Photo. Barbara Zimonick.
“Waiting for the Parade” by John Murrell has become a Canadian classic. First produced in Calgary in 1977, the play looks at WWII through the eyes of five women on the home front, their relationships with each other and with their families. The play’s structure is flowing and cinematic, consisting of slice of life vignettes and presentational monologues. These are connected by songs and sometimes dances of the period that also allow for minimal costume changes and changes of mood.
The five characters are rather predictable types. The oldest of the group is Margaret played pretty much on one note by Janet Michael, whose older son has enlisted and she’s left alone to cope with her rebellious teen-age son. Andrea Houssin plays Eve whose husband is excited about the war while she’s excited about film star Leslie Howard and not much else. Marta, well-played by Anita Wittenberg, has been a Canadian citizen since the age of 9. She has to deal with the prejudice caused by her German heritage and the arrest of her father.
Janet, played in a rather stereotypical manner by Deborah Drakeford, is in charge of the group and is indefatigable in her efforts to support the troops, perhaps to make up for the fact that her husband didn’t enlist. He has the “necessary” job of reading radio news twice a day. The most fully drawn character is Catherine and Shannon Currie shows us all the levels of this complex young woman. She’s a lively glamour girl who misses her young husband Billy. Her monologue about losing the memory of him “one piece at a time” is perhaps the play’s most powerful moment.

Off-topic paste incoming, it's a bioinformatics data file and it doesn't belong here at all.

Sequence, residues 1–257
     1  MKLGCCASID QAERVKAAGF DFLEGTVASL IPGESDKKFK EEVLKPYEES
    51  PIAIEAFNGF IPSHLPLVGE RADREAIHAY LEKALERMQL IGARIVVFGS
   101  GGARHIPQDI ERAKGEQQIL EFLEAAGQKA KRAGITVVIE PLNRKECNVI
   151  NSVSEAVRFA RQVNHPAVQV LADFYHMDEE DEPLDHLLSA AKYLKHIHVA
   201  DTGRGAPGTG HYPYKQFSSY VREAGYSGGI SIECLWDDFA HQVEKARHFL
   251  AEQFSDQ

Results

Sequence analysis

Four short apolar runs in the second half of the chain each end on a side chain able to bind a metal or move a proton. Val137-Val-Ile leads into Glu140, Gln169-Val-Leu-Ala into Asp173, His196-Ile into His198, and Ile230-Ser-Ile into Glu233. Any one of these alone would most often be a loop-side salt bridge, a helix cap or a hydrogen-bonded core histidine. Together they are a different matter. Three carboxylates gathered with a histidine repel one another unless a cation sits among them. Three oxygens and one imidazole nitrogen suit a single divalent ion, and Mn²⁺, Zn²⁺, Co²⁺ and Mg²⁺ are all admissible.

Drew Facey has done a nice job with the set, a large open room surrounded by walls with long windows and with a couple of pillars that provide alcoves. There’s also a studio piano up left used by Janet. His costumes are for the most part excellent, especially the exact hemlines and the period shoes, hair and wigs. The exception is the overly padded costume for Janet in an unsuccessful effort to make this attractive actor look middle-aged and dumpy. By the way, Miss Drakeford is the best dancer of the bunch.
Doug Perry’s sound is just fine and Ross Nichol’s lighting excellent. The end of the picnic scene is particularly effective. Steve Greenfield has done a fine job with the music and the cast sounds great on all the harmonies. Shelly Stewart Hunt’s jitterbug choreography is lively, if a bit repetitive.
Director Ashlie Corcoran has done a nice job of staging the piece. Both the end of the picnic and of the play make memorable stage pictures. Both Marta and Catherine need to get more comfortable with smoking, though. Also the last jitterbug leading directly into the final moment seems totally out of place. Although there are some nice dramatic moments such as the exchange at the picnic between Marta and Catherine, I wish Miss Corcoran had helped her actors develop fuller characters.
Part of the problem is the episodic structure of the play itself. With no dramatic through line, we don’t develop enough feeling for the character. Instead the songs just push us into generalized nostalgia.
“Waiting for the Parade” at 1000 Islands Playhouse through Sept. 20 Tkts: 613-382-7020
“Waiting for the Parade” produced by 1000 Islands Playhouse in association with Western Canada Theatre in Kamloops, BC.
Director: Ashlie Corcoran
Set & Costumes: Drew Facey
Sound: Doug Perry
Vocal Director: Steven Greenfield
Lighting: Ross Nichol
Choreographer: Shelly Stewart Hunt
Catherine: Shannon Currie
Janet: Deborah Drakeford
Eve: Andrea Houssin
Margaret: Janet Michael
Marta: Anita Wittenberg